Office: Avery Point Campus, Academic Building 101-D
Office: Storrs Campus, Wood Hall Rm 306
Hours Spring 2017 (Storrs): Tue 11 – 12pm
Phone: (860) 405-9120
Fax: (860) 405-9075
Areas of Specialty
History of science, environmental history, maritime history, U.S., Atlantic Ocean, and Britain
Current Research Interests
History of oceanography and undersea exploration in the 1950s and 1960s
Helen M. Rozwadowski graduated from Williams College, and received her Ph.D. from the University of Pennsylvania in 1996. While working as the historian for the International Council of the Seas (ICES) she wrote The Sea Knows No Boundaries: A Century of Marine Science under ICES, a history of twentieth-century marine sciences that focuses on ICES’s role in the growth of fisheries science, fisheries oceanography, and marine environmental science, and articulates the contribution of science to marine resource management and policy. Her award-winning book, Fathoming the Ocean: The Discovery and Exploration of the Deep Sea is a scientific and cultural history of interest in the ocean, manifested in maritime novels, in the popular hobby of marine zoology, in the youthful sport of yachting, and in the laying of a trans-Atlantic telegraph cable. The open ocean, for centuries a byway or barrier, became for the first time a destination, a workplace, and the object of scientific inquiry. The mid-century historical context profoundly influenced both the development of oceanography and our attitudes and uses of the deep sea today.
Rozwadowski’s current research again examines the confluence of scientific and popular interest in the ocean, this time during the Cold War, at a time when Western nations conceived of the sea as a new frontier akin to outer space.
Rozwadowski has worked in the past both as a public historian, including writing for Discovery On-line, and also in academia. She won the Ida and Henry Schuman Prize from the History of Science Society, was awarded the William E. & Mary B. Ritter Fellowship of the Scripps Institution of Oceanography, and has received grants and fellowships from the National Endowment for the Humanities, National Science Foundation, and the Smithsonian Institution.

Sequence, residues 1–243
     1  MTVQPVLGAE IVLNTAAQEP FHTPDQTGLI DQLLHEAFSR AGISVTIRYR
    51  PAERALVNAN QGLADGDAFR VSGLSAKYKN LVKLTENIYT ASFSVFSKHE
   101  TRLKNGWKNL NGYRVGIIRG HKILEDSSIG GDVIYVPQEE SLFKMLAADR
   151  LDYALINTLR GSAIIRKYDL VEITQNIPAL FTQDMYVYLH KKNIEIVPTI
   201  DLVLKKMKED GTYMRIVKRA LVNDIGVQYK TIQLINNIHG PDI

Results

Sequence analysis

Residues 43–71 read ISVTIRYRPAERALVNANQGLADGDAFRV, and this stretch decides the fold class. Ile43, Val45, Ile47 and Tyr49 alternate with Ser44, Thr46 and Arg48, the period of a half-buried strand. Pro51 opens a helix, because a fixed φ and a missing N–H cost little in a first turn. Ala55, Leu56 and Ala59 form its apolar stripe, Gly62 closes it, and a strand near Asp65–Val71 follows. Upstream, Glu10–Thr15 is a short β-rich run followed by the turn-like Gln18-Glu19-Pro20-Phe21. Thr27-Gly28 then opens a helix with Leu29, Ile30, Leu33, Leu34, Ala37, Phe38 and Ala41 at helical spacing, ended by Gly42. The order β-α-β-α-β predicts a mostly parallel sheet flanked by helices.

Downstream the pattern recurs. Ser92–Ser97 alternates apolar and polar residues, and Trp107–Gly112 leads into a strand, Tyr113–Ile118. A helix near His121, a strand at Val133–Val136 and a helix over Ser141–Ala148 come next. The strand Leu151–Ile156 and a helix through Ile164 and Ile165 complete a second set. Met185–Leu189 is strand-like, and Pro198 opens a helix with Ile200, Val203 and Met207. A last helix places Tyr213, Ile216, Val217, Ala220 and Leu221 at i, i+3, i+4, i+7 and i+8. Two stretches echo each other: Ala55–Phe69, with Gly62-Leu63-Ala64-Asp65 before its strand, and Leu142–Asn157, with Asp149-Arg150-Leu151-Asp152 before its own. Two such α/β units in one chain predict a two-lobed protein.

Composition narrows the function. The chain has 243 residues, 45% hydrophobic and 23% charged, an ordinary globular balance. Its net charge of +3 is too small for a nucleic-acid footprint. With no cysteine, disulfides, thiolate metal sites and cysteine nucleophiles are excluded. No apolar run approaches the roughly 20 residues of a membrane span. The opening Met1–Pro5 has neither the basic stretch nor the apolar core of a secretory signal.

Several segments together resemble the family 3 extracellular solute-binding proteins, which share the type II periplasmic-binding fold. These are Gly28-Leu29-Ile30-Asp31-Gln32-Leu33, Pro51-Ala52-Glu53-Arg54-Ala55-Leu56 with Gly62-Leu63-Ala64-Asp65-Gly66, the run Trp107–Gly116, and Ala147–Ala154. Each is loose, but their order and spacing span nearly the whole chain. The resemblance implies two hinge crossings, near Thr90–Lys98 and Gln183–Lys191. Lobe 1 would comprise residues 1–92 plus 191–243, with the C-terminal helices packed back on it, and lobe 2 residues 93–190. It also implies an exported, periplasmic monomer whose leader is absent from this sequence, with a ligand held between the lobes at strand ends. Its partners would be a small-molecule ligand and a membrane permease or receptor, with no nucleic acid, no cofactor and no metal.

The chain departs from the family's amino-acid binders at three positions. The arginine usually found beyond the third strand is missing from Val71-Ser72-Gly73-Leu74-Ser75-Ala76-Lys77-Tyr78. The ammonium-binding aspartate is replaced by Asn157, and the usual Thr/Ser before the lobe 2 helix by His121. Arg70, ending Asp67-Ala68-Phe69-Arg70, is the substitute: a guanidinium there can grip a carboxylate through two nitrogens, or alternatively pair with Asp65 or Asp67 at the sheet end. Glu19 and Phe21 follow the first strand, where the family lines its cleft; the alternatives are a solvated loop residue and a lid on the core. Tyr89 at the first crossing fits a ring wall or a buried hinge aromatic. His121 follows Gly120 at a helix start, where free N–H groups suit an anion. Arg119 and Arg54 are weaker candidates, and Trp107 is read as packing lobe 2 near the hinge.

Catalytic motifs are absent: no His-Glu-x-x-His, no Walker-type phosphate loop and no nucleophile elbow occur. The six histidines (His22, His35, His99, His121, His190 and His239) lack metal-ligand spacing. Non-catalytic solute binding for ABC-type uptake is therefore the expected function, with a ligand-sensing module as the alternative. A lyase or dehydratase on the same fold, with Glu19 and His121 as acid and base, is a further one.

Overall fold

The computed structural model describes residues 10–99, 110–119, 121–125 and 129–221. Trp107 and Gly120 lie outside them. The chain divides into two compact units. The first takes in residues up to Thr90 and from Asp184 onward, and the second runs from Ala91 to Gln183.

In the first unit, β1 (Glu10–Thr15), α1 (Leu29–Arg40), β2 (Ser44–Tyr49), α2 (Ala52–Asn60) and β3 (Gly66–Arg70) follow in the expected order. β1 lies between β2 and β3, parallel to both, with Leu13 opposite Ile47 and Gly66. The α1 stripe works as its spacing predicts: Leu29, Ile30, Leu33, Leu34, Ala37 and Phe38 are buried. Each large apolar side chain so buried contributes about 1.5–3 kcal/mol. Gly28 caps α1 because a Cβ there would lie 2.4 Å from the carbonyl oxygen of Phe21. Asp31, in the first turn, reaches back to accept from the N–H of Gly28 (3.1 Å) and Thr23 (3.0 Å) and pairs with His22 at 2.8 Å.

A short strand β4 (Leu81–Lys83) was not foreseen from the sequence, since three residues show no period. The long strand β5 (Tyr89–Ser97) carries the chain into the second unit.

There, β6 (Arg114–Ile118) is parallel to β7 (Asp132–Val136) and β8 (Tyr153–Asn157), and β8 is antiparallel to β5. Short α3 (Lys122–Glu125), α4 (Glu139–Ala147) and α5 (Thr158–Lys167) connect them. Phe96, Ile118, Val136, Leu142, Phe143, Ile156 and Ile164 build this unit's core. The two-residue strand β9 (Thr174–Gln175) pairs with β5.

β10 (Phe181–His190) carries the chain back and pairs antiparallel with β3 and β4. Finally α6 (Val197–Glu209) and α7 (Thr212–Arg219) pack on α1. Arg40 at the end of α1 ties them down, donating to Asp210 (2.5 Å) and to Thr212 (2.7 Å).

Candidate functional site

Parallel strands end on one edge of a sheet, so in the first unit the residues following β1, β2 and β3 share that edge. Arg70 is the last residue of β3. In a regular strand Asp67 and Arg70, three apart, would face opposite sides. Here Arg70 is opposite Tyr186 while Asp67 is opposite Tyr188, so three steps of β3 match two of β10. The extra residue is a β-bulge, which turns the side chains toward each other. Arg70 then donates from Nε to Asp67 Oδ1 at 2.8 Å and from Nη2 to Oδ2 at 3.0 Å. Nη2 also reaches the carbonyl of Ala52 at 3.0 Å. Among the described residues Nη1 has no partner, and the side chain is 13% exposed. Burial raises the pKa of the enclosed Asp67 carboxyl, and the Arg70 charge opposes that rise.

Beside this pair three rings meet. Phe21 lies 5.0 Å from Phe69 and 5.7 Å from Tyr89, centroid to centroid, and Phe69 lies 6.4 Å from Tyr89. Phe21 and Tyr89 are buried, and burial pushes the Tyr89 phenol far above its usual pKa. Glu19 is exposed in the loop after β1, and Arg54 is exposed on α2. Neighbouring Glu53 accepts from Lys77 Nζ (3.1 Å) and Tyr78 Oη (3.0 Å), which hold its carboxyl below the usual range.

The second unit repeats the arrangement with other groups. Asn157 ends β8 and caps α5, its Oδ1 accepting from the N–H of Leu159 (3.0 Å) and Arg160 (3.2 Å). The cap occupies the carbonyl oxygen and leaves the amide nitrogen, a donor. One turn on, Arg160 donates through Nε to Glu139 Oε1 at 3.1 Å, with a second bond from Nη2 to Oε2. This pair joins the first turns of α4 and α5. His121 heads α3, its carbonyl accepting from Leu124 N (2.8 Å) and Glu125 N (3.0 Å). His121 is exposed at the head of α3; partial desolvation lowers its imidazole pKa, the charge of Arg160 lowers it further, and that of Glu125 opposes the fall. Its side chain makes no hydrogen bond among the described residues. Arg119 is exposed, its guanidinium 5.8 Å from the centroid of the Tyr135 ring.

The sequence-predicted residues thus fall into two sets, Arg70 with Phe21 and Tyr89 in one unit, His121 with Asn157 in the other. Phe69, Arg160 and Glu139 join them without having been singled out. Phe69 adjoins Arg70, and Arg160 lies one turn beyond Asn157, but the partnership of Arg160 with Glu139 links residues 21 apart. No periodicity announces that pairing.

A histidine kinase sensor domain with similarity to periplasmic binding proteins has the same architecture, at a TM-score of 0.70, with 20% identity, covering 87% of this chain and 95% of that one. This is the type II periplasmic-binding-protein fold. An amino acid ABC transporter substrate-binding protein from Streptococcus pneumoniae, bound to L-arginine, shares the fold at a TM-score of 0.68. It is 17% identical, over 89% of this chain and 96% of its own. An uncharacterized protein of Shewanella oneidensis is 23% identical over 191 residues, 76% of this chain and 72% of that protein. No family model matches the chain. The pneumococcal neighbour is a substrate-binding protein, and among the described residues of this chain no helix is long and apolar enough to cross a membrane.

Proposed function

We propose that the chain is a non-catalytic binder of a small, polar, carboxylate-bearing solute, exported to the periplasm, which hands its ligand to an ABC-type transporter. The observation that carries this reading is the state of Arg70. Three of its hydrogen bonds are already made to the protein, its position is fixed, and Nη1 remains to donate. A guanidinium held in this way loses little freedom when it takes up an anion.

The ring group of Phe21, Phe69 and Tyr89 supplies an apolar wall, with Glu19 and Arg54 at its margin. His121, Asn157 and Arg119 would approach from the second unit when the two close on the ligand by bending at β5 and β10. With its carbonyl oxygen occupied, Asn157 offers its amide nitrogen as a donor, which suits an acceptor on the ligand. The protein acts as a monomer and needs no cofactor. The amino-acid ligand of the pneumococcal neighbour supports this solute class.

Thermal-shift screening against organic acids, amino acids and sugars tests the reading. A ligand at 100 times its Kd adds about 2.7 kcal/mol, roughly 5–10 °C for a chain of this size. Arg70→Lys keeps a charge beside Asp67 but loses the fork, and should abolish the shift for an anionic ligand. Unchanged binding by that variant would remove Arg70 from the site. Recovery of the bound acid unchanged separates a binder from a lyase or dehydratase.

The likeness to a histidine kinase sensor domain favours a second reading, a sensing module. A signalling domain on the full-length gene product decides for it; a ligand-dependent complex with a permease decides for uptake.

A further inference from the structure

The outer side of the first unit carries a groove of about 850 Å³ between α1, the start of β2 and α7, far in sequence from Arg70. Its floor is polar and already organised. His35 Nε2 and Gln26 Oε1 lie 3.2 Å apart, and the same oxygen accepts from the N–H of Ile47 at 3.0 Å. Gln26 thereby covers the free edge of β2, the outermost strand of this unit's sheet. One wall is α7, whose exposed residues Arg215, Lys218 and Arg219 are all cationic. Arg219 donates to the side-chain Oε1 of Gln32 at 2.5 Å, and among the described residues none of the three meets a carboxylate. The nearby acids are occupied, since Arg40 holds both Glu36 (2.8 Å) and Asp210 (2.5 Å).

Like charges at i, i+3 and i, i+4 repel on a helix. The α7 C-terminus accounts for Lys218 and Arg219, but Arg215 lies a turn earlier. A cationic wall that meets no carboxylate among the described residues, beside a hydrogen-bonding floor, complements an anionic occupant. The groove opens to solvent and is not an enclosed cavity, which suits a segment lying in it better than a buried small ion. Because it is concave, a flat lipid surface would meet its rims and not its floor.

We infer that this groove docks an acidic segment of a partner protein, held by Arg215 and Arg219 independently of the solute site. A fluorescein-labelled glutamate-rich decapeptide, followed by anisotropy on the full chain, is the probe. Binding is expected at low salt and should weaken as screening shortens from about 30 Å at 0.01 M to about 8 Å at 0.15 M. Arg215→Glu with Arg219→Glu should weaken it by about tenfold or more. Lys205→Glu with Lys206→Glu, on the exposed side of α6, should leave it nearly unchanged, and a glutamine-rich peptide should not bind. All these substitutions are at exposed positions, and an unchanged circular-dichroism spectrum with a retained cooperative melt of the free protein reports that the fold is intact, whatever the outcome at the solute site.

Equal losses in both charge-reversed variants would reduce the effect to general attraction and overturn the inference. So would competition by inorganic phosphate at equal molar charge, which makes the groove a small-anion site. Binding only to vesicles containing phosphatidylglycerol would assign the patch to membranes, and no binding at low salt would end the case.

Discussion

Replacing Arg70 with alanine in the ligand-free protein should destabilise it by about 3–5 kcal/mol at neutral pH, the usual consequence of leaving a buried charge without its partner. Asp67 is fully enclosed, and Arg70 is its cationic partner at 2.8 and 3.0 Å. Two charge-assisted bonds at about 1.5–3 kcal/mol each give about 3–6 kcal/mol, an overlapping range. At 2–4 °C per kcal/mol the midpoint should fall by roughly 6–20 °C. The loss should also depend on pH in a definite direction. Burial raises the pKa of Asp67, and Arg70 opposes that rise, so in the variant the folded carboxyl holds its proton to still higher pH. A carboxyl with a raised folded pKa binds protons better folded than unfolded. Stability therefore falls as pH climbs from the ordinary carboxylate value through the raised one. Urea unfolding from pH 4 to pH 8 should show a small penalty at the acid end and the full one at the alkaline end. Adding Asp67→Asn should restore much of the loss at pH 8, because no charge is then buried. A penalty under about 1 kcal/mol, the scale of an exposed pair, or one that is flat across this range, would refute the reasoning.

Keith R. Benson and Helen M. Rozwadowski, eds., Extremes: Oceanography’s Adventures at the Poles (Sagamore Beach, MA: Science History Publications/USA, spring 2007)
Fathoming the Ocean: The Discovery and Exploration of the Deep Sea. Harvard University Press, spring 2005 (paperback edition in 2008).
The Machine in Neptune’s Garden: Historical Perspectives on Technology and the Marine Environment. Helen Rozwadowski and David van Keuren, eds. Canton, MA: Science History Publications/USA, 2004.
The Sea Knows No Boundaries: A Century of Marine Science Under ICES. Seattle and London: University of Washington Press and International Council for the Exploration of the Sea, 2002.
“Science, the Sea, and Marine Resource Management: A History of the International Council for the Exploration of the Sea,” The Public Historian 26(1)(2004): 41-64 (joint volume with the American Society for Environmental History).
” Internationalism, environmental necessity, and national interest: marine science and other turn-of-the-twentieth-century sciences,” Minerva 42(2)(2004): 127-149.
“Engineering, imagination, and industry: Scripps Island and dreams for ocean science in the 1960s,” pp. 325-352, in Rozwadowski and van Keuren, eds., The Machine in Neptune’s Garden, Canton, MA: Science History Publications/USA, 2004.
“Technology and Ocean-scape: Defining the deep sea in the mid nineteenth century,” History and Technology 17(2001): 217-247.
“Small World: Forging a Scientific Maritime Culture,” Isis, 87(1996): 409-429.